BERMAN: Let me ask you something you know a lot about. You sit on the Senate Intelligence Committee. This is a quote from the initial report from the intelligence community on Russian meddling. And it says, "In trying to influence the U.S. election, we assess the Kremlin sought to advance its longstanding desire to undermine the U.S.-led liberal democratic order, the promotion of which Putin and other senior Russian leaders view as a threat to Russia and Putin's regime."
"The U.S.-led liberal democratic order."
BERMAN: Do you believe that is being shaken? Do you believe that Vladimir Putin is getting what he wants when he watches this acrimony taking place before our eyes in Brussels?
KING: The short answer to that question is yes. Putin's dream has been weakening, undermining European unity and the western alliance. That's -- that's what he's trying to do.
And he's a -- he can smell weakness. And if he sees the weakness, the disunity between the U.S. and Europe, you know, who knows what happens in the Baltics, for example? Are we inviting aggression? That's the danger here.
So yes, there's no question. This -- you know, you can go back and read Putin's speeches. He -- he views the western alliance as a threat, and he wants to see it undermined. That's their strategy. That's why they're involved in European politics. They got involved in our politics. This is what they want to do, and I'm afraid that we're playing into Putin's hands.
BERMAN: You have a Supreme Court nomination before you. You vote September or early October. Have you had a chance to assess Brett Kavanaugh?
KING: Well, I'm starting. I got -- this book was sent home with me last night. This is the very beginning.
Brett Kavanaugh has a voluminous record, and it's going to take some time to really dig into it. Three hundred opinions on the circuit court. He worked in the White House. We need to see his e-mails and the statements that he made during that time. We did the same with Elena Kagan several years ago. So there's a lot to go into here.
I' m concerned for a couple of reasons, though. And I haven't made up my mind. I'm going to dig into it. I'm going to meet him. I'm going to go to his hearing, even though I'm not on the committee. I'm going to learn everything I can. But the very fact that he came off of a list that was given to the president by an outside group, that starts me in a negative direction.
And he's had some opinions that have suggested, not outright, but have suggested reluctance or skepticism of Roe v. Wade, of the Affordable Care Act. And the one that -- that jumped out at me, he said that regulating net neutrality was probably unconstitutional. He's talking about the free speech rights of Comcast as opposed to millions of Americans that want a free and open Internet. So that one -- you know, that was one.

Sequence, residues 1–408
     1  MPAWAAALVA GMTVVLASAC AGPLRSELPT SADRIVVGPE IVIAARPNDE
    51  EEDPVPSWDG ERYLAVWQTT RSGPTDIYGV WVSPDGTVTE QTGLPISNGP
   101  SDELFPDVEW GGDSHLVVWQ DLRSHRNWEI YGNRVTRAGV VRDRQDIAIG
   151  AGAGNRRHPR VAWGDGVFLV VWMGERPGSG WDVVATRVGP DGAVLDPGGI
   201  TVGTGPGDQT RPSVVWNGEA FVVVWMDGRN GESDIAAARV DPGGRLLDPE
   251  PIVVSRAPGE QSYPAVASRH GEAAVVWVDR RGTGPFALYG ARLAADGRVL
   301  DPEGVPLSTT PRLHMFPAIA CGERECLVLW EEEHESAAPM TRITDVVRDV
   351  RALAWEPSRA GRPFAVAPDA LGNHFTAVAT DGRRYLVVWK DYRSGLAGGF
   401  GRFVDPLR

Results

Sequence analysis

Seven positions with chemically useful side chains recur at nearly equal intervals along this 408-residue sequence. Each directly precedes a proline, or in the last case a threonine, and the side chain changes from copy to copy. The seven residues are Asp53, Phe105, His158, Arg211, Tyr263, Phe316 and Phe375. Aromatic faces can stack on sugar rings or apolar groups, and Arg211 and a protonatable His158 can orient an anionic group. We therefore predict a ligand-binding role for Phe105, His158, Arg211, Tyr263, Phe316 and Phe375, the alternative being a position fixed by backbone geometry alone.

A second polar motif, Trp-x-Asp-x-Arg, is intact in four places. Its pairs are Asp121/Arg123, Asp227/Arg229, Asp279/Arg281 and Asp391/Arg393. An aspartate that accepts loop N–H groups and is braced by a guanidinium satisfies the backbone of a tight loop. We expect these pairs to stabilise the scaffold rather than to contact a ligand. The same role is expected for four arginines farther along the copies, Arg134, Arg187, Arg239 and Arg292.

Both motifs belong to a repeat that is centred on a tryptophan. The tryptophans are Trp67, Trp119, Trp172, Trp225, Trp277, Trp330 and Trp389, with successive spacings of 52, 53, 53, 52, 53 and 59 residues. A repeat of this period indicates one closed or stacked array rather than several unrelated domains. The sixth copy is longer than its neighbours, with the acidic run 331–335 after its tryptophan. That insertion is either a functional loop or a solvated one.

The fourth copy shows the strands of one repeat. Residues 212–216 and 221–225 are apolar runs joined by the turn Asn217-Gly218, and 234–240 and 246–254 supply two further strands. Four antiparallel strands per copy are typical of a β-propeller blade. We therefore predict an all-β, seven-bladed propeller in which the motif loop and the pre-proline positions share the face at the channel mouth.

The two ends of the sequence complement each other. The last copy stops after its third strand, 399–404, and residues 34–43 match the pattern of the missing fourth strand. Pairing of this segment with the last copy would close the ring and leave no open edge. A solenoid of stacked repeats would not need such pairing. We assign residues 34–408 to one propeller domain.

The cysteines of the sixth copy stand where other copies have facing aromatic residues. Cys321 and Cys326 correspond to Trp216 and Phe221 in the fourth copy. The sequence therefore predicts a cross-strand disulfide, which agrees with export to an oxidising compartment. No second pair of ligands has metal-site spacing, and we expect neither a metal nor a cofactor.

But there's a lot to look at here. He's a smart guy, for sure, has good credentials. So I'm -- I guess I would say I'm open-minded, looking at the facts, but looking at them somewhat skeptically.
BERMAN: Very quickly, we have about 20 seconds left. The president announced new tariffs on China, or looking into new tariffs on China. It would take place two months from now.
They're having some issues with lobster in Maine already from this trade war.
KING: Already. The Chinese have already said that they're going to put 35, 40 percent tariff on live lobsters. That's 20 percent of our -- of our market for lobsters. It will almost undoubtedly lower prices. That's going to go right back to the fisherman.
I was in the center -- epicenter of the lobster coast at Stonington, Maine, last week. And people are really worried. And this is one of those things where you do X and Y is going to happen, and it was predictable. And I think this is going to be really costly around the country. Lobsters is a good example in Maine. But it's happening to soybeans in the Midwest.
You know, I don't -- if I thought there was a strategy, I'd feel better about it. But again, it's sort of like the -- what's going on in NATO. It's just shaking things up and without an end game.
BERMAN: Senator Angus King of Maine, thanks so much for being with us. I do appreciate it, sir.
CAMEROTA: All right, John, we're going to talk more about what's going on at NATO as we speak. The former NATO supreme allied commander is going to talk with us about the tone that President --